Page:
Vaulter sues school over injury in practice

A former Robert Vela High School track star sued the Edinburg Consolidated Independent School District after fracturing his skull and losing a part of his brain following a pole vaulting accident.

According to the lawsuit filed in June, Nick Larsen was seriously injured preparing for the Region IV meet in April, when he was a senior at Vela High School.

Larsen, 18, earned the 2019 District 31-6A and 31 and 32-6A area pole vaulting championship his senior year.

The suit alleges that on April 24, during an attempt to clear the 14-foot, 6-inch bar during competition, Larsen was “propelled” off the mat and hit his head on the concrete.

“His skull fractured and pushed inward, compressing his brain,” the suit states. “Additionally, a small portion of his brain was severed and lost.

“Nicholas was rushed to the hospital where emergency surgery was performed, ultimately saving his life. A steel plate was inserted into his head to protect his brain.”

The lawsuit, filed June 28, accuses two Edinburg school district employees — Daniel Cantu and Arnuldo Flores Jr. — of negligence resulting in Larsen’s injuries.

The National Federation of State High School Associations requires a clearance of 16 feet, 5 inches from where the pole is planted to the end of the mat, according to the suit. But that distance was only 13 feet, 10 inches on April 24.

Cantu and Flores both claim immunity, invoking chapter 22.0511 of the Texas Education Code, which indicates a school district employee is not liable for any incident that happens within the scope of their duties and involves their judgment or discretion. The only exception to that rule is when excessive force is used to discipline a student or when negligence causes bodily injury.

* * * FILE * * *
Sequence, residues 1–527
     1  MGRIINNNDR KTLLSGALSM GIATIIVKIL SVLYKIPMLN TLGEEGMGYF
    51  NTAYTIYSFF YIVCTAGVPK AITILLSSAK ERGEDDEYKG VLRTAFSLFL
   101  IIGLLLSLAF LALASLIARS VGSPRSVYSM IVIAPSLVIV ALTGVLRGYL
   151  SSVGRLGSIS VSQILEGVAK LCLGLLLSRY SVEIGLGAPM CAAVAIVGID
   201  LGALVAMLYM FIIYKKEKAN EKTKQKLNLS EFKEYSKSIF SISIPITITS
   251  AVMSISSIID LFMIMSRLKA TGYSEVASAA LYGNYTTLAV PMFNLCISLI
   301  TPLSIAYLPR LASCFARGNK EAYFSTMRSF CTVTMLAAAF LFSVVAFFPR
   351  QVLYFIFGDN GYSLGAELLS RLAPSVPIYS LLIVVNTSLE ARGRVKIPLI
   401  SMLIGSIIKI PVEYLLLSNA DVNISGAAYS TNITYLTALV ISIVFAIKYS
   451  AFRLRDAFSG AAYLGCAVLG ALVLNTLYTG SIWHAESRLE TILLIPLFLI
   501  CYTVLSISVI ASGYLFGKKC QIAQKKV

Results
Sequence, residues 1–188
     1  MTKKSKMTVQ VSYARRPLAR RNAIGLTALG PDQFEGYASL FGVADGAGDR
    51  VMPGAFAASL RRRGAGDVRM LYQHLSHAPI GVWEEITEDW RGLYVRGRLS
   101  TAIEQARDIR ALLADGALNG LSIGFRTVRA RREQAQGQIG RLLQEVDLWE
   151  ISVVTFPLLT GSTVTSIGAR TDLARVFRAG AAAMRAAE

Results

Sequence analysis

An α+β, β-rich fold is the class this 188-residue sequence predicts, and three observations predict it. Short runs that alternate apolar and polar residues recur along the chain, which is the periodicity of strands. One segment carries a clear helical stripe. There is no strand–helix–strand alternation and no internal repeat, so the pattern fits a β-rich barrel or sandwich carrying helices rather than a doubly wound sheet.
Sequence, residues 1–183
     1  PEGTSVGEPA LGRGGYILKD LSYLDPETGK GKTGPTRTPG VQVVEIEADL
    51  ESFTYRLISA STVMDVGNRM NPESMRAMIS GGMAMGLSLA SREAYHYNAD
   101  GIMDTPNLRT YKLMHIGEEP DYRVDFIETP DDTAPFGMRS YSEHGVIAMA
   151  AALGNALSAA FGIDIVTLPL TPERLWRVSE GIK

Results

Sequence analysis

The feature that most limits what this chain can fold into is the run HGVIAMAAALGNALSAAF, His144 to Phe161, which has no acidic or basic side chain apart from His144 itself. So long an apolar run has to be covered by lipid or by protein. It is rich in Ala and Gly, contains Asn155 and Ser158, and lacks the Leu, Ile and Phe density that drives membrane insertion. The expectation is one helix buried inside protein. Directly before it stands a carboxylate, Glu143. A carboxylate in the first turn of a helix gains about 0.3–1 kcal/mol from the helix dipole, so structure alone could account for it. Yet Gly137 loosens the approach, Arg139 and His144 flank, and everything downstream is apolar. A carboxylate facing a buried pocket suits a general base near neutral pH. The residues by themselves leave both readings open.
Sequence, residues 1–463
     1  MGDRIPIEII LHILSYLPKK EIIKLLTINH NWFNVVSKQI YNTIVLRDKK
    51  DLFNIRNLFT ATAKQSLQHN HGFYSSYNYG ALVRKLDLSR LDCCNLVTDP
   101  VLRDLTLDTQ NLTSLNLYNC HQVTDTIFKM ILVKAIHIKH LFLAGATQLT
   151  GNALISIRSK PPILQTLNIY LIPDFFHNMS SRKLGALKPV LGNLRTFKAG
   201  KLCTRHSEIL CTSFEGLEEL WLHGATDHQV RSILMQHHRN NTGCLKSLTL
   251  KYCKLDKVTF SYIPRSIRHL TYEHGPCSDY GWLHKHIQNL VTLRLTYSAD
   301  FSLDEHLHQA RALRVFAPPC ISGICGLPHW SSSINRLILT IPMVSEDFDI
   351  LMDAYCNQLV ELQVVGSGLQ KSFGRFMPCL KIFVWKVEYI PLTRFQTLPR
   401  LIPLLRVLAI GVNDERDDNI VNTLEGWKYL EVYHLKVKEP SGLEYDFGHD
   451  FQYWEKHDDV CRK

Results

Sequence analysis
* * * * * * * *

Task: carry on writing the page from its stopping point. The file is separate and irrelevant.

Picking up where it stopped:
Larsen’s suit argues the Texas Education Code immunity is inapplicable because NFHS regulations are “rigid and mandatory, and there is no place for any person’s judgment or discretion in deciding the placement of pole vault mats during any activity governed by UIL rules.”

Larsen also named Illinois-based Litania Sports Group Inc. as a defendant in the suit. The company “designed, manufactured, marketed, and distributed the pole vault mat used by ECISD which was defective in its design and/or manufacture so that the mat propelled the plaintiff off the mat and onto the surrounding concrete,” the suit states.

Larsen’s injury put him in a four-day coma immediately following the accident. Scans showed damage, scarring and hemorrhaging in his brain. It impacted his speech and movement in a portion of his body, according to Larsen’s suit.

The hospital released Larsen May 16 and he returned three days later because of a transient ischemic attack, sometimes called a mini-stroke.

“He has also since suffered two seizures, which he has never experienced in his life prior to this incident,” the document read. “Today, he also has lost feeling to (a) portion of his mouth and has lost his sense of taste.”

Larsen is suing for compensation for past and future medical expenses, physical and mental pain and anguish, lost earning capacity, disfigurement and physical impairment.

The school district, Cantu and Flores deny “each and every” allegation” according to the school district’s filings in response to the suit.

“The school district does not comment on pending litigation,” Edinburg CISD Public Information Officer Romeo Cantu said via email.

Lawyers for the plaintiff and defendants have yet to respond to requests for comment.